Strange Careers: The Peace Corps

It’s the go to solution for any liberal arts graduate trying to “find themselves”, but what the hell is the Peace Corps and why is it a strange career? Well, worry not my unaware reader I’m about to drop a two megaton knowledge bomb on you…maybe that metaphor is in appropriate since we’re talking about the Peace Corps…I’m about to drop a two ton bouquet of, ehm, knowledge on you? Anyway this is the strange career of being in the Peace Corps.

See Also: Strange Easter Traditions From Around The World

It Doesn’t Pay

Although the promise of helping humanity while traveling to exotic and under-developed locals might seem appealing, it doesn’t pay for shit…literally. Sure you receive a monthly living stipend but it’s only enough for daily expenses…in a third world country. Which is fine when you live in a third world country but eventually you’ll need to return home and even though you get a “readjustment” stipend, it’s just enough for about half a month’s rent. That means after working for two years the only thing that you’ll have to show for it are stories you can tell your friends while you sleep on an inflatable bed in their pantry.

Days Off

Although not especially advertised by the Corp, volunteers get a meager two days off for every week month they work…for two years. Oh and three months which is considered your training period. That is actually illegal in many of the countries the volunteers come from, most workers are entitled at least (again by law) one day off for every week of work. Apparently changing the world is hard work and requires long hours, so don’t expect to drink it up with locals at the local watering hole.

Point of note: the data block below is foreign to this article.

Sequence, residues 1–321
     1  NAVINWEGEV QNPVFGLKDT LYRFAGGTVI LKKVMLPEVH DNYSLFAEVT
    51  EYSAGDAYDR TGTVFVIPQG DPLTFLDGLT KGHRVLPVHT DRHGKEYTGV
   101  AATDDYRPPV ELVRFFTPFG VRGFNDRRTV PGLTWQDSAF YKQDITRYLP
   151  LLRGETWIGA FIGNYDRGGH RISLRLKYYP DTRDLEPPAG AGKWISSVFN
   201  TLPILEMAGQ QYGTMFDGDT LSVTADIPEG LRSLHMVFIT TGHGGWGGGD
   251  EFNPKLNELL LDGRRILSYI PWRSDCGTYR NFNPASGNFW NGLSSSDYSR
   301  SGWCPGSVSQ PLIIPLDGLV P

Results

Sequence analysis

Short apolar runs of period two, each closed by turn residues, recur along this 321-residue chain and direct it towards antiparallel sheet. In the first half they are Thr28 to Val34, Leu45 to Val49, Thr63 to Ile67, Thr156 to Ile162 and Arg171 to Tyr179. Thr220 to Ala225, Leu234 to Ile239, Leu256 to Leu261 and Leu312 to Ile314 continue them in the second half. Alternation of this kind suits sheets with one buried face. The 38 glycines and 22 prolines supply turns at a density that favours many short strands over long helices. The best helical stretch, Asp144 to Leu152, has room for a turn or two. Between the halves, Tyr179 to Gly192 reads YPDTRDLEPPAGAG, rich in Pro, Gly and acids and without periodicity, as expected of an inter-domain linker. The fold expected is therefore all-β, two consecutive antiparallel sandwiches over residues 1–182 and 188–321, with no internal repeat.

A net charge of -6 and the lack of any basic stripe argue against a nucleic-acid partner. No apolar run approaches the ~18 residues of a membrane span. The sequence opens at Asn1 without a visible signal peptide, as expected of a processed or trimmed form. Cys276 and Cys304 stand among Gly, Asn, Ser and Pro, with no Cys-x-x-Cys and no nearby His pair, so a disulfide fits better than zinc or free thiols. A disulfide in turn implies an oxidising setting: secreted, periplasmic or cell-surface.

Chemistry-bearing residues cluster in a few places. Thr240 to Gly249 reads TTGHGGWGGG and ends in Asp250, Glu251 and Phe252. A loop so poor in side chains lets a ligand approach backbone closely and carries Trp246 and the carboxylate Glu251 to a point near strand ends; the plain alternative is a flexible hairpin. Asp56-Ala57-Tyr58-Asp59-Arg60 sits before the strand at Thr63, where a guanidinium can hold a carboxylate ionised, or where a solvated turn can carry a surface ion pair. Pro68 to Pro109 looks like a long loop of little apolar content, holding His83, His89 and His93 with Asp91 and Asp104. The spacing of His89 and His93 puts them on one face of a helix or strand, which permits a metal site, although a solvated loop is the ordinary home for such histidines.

Also, according to various blogs and ex-volunteers the application process is freaking intense. Of course, you can expect medical exams, but you will also be subjected to dental examinations and huge mounds of paperwork. The Corps also requires three letters of recommendation that back up your work ethic, background in volunteer work and your (of course) bright personality. Only about a third of all volunteers end up being selected when everything is reviewed.


First world poverty and third world poverty are very different. I’m not undermining the struggles of the lower class and people that do not have homes in developed countries, but the reality is that people in developed countries at least have the availability of infrastructure such as: sewage, roads and even if it seems prohibitively expensive in some regions and cities, public transportation. Of course, the people that are struggling to survive within their countries will probably not volunteer for the Peace Corps. According to a Peace Corps survey 82% of P.C.V. are white, between the ages of 20-29, 81% hold a bachelor degree.

I’m not a statistician, but that sounds pretty white middle class to me. That demographic also knows little about true poverty and complete lack of infrastructure. When you join the Peace Corps, though, you will be immersed into extremely hard, poverty stricken locations and unlike Teaching abroad educators and NGO workers, you will be living amongst the locals you are trying to help.

The Roots

No, not the amazing hip hop band, the organization’s roots. The true roots of the program aren’t necessary to help, but as the mission statement says: “providing technical assistance, helping people outside the United States to understand American culture, and helping Americans to understand the cultures of other countries”. Of course, under the premise of promoting the understanding of American culture and Americans understanding foreign culture the organization does do humanitarian work…sometimes.